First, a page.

No orders were placed for commercial aircraft around the world last month - helping make the third quarter of 2020 the worst on record for the industry, a report said today.
With a deal for the purchase of Bombardier, Northern Ireland's biggest aerospace company, due to enter its final stages this week, the report by ADS shows the continued impact on the wider aviation industry of Covid-19.
ADS said the 173 aircraft deliveries in the three months to the end of September also made it the worst quarter for deliveries.
Howver, ADS said there were some signs of improvement.
It also says that a testing regime which could shorten the 14-day quarantine period for travellers is an urgent requirement for industry.
Only 13 global commercial aircraft orders were placed in quarter three this year, down over 90% on last year.
Aircraft around the world have been grounded since the outset of Covid-19, with airlines continuing to cut schedules as fresh lockdowns as imposed in many locations.
July and August, with four and nine orders respectively, claimed the only aircraft orders in Q3 after no orders were placed in September.
There were 10 orders for single-aisle aircraft and three orders for wide-body aircraft.
Only 173 new aircraft were delivered, again making the last few months the worst Q3 on record.
Of these 173 aircraft delivered, 135 were single-aisle and just 38 were wide-body - thanks to the steep decline in long haul international travel and demand for larger commercial jets in recent months.
September saw an increase in deliveries to levels almost similar to February before lockdowns across the globe. However, that was still far below normal levels expected for this time of year.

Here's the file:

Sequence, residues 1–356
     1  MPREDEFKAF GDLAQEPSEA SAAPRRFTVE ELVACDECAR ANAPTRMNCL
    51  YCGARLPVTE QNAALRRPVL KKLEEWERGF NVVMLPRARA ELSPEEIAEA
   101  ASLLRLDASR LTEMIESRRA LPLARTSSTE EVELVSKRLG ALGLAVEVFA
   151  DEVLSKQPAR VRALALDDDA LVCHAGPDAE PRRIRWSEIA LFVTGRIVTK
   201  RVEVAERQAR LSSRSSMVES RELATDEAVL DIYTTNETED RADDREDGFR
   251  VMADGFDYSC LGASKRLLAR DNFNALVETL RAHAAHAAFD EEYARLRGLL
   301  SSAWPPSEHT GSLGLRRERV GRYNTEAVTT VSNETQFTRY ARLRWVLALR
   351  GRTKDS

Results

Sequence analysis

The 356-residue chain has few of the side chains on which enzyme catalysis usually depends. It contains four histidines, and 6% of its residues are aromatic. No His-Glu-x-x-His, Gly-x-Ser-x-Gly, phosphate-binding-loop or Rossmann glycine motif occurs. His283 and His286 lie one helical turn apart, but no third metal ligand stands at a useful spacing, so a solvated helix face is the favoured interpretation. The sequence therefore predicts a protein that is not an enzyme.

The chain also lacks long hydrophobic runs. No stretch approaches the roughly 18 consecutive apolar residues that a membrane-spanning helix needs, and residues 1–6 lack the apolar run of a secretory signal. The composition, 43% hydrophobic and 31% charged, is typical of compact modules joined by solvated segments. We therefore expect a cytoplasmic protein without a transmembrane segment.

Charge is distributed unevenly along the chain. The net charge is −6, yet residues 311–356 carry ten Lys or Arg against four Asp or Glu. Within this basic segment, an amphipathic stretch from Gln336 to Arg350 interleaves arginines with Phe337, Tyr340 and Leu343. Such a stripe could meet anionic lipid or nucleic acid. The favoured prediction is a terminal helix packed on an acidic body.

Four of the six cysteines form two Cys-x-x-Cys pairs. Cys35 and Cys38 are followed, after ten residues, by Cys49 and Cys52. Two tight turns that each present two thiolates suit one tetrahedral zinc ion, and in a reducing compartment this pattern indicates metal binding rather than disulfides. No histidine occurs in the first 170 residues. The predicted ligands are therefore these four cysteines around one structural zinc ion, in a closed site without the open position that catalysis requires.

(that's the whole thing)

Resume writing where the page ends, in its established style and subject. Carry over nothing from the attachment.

ADS chief executive Paul Everitt said: "The aerospace and aviation industries have invested in robust health and safety measures as part of aircraft design which makes the risk of transmission when travelling aboard an aircraft extremely low.
"We need to continue to work together internationally to improve consumer confidence and encourage a return to the skies.
"The quarantine period that passengers face when they return home is one of the main barriers to UK aviation's recovery and testing can play a major role in reducing this.
"The Government should rapidly implement a testing regime so that the 14-day quarantine period can be shortened.
"This will help improve confidence amongst travellers and in turn put the aviation and aerospace sectors on a path towards recovery."
Spirit AeroSystems in Wichita is to close the $0.5bn deal to buy Bombardier, which has up to 3,000 staff here, on Saturday.
A spokesman for Bombardier in Canada yesterday said there was no update on the deal.
Spirit Aero Systems had said last month that it was still seeking assurances on certin elements of the deal.
At the time, the Bombardier spokesan said: "It is true that there are still closing conditions to be met to complete the transaction but we've been saying for the last couple of weeks that parties are working to resolve them over the fall, which is exactly what we are doing."
In a regulatory filing on September 22, Spirit had said that "there can be no assurances" that conditions will be in place to go ahead with the deal. The Bombardier deal's conditions, "some of which remain outstanding", include terms related to "material adverse change" to the Bombardier commercial aerospace businesses, it said.